I also felt the dialogue was not great, particularly in how Hill wrote Harper. For instance, there are a couple of instances where sweetness and light Harper gets a bit raunchy and crude, which, I get it, is actually meant to be a contrast with her usual MO. But she sounded nothing like a woman. And to be clear, I'm not saying women can't be crude (I'd be an absolute hypocrite if I did), it's just that her crudeness felt very male-gazey, such as when she said something about someone wanting to plunge balls-deep into a hot piece of ass. That sounded really off to me.

I was also pretty meh about the ending. I don't want to say too much about it, but I got the feeling it was supposed to be surprising, but it really wasn't.

So, not a great one, but not one that puts me off Hill completely. I might try another by him. I hear his latest collection of short stories is actually pretty good, and I get the feeling he could be good at that format.


AUDIOBOOK NOTES: I actually started by listening to the audiobook, but I returned it after a while and bought the ebook. Not great, particularly the supposedly British Fireman character, who (kind of appropriately, in a weird way) sounded like Dick Van Dyke in Mary Poppins, rather than the Northerner he was supposed to be.


meljean brook 30 July 2018 at 03:10  

I liked the collection of short stories and thought they were really well done, if a few were somewhat depressing (one in particular stayed with me in a really good/harrowing way, but I won't spoil here). He's definitely writes in the "not everything will always end happily for the good guys" mode of horror, I think—which is not always bad but somewhat easier to swallow in that short form.

I read The Fireman when it first came out, and I think I wrote a short Goodreads review. I'm too lazy to go look, but a year or two later, my impression is that it was kind of like the Stand meets The Girl With All The Gifts but also a light version of both. I thought it was totally odd that the titular character was in bed for so much of the book. I want to know so much more about him (although I thought the heroine was fine). And although some parts were incredibly visceral and affecting (like I still remember that stone in her mouth) other parts were underwhelming.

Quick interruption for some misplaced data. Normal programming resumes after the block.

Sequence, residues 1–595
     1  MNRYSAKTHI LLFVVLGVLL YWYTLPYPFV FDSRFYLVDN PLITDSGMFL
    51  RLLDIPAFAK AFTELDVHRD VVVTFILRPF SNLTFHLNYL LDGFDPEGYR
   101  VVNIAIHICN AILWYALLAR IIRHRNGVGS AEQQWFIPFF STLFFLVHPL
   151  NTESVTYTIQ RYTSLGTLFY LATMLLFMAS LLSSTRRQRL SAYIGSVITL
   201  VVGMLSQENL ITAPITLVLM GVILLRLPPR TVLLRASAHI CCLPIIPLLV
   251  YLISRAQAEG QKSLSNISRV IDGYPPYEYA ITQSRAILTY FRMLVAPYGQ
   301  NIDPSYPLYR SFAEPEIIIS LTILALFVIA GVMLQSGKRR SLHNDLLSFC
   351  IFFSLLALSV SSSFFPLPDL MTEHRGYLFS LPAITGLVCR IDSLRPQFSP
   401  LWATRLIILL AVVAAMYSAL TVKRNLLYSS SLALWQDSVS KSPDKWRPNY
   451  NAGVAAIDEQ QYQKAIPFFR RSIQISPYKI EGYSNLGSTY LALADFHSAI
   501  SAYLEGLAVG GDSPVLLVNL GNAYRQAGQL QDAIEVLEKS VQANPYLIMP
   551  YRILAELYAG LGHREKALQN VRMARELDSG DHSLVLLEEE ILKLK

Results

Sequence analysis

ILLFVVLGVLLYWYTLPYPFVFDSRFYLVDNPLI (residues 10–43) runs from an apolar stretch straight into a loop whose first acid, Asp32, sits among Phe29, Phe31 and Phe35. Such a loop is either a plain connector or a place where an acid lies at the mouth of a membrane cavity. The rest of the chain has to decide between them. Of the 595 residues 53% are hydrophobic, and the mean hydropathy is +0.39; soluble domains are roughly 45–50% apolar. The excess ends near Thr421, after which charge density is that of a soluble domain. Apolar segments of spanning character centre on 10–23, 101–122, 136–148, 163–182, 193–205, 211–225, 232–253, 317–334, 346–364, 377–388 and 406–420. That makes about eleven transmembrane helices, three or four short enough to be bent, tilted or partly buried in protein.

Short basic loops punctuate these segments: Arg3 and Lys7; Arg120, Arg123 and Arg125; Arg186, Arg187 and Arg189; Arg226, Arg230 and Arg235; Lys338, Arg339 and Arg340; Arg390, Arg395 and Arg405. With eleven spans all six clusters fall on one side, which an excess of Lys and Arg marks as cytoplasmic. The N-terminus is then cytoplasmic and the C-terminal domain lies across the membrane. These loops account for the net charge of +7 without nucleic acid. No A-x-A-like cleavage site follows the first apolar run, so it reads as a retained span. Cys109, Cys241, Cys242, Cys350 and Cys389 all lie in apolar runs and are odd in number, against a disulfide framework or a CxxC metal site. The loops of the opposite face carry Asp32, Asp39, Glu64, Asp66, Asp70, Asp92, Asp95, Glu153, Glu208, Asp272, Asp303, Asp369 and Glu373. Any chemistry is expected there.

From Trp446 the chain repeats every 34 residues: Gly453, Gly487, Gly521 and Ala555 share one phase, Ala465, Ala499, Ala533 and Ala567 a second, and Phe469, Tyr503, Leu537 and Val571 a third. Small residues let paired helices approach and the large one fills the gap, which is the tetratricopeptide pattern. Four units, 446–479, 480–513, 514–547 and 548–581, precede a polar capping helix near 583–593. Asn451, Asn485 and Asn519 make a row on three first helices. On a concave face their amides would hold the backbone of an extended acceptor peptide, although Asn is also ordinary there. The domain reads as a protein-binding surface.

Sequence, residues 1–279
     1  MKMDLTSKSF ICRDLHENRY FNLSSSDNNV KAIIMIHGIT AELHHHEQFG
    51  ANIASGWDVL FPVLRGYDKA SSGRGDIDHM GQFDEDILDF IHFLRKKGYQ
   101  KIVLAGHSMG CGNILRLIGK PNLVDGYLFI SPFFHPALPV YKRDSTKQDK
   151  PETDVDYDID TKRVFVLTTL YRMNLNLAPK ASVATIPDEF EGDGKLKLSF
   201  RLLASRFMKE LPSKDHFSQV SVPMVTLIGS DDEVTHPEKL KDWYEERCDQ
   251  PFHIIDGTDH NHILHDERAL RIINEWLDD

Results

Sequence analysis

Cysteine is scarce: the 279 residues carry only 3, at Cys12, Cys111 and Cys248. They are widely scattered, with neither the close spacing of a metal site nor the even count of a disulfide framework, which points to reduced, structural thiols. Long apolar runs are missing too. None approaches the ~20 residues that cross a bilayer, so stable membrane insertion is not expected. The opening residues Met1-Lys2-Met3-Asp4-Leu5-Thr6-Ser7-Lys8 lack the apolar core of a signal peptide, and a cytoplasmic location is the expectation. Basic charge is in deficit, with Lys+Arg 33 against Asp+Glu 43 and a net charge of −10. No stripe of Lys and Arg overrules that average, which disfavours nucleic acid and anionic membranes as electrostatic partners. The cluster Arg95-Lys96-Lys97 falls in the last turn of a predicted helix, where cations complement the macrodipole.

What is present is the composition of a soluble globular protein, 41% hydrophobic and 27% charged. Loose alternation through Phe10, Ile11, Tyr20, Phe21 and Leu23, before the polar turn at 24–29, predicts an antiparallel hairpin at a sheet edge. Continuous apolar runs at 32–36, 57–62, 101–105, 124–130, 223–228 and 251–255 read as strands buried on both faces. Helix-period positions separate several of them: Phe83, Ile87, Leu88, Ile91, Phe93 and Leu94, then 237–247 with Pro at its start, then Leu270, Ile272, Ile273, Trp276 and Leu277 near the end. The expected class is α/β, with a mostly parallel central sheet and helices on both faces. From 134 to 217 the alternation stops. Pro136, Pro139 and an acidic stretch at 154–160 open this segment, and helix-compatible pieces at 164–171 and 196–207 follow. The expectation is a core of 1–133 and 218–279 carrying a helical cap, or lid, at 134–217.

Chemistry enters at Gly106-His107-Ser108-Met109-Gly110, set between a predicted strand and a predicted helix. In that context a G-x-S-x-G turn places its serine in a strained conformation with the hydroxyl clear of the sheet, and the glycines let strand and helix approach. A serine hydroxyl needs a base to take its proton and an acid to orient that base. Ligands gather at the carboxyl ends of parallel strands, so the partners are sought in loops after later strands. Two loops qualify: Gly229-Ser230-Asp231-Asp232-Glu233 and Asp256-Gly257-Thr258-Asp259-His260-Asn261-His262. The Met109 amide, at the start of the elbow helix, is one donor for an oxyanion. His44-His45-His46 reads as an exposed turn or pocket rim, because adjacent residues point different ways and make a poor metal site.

So far, I think I've read most or all of Hill's work and I've enjoyed it but it also isn't super memorable.

Rosario 4 August 2018 at 06:09  

Thanks, Meljean! I might try those short stories, then. It seems like Hill has a lot of ideas, and that can be better in short form as well (rather than just jumping from one to the other in a longer book!).

Ohh, I do see the comparison with The Stand and TGWATG. Maybe with a touch of The Road as well. But just pick one, man! All of the bits and pieces had excellent elements (and I think he's great at creating particular scenes which punch you in the gut), he just needed to commit.

And yes, having John basically out of commission for so much of the book felt a bit frustrating. I also wanted to know a lot more about him as a character, but a lot of the questions were left unanswered.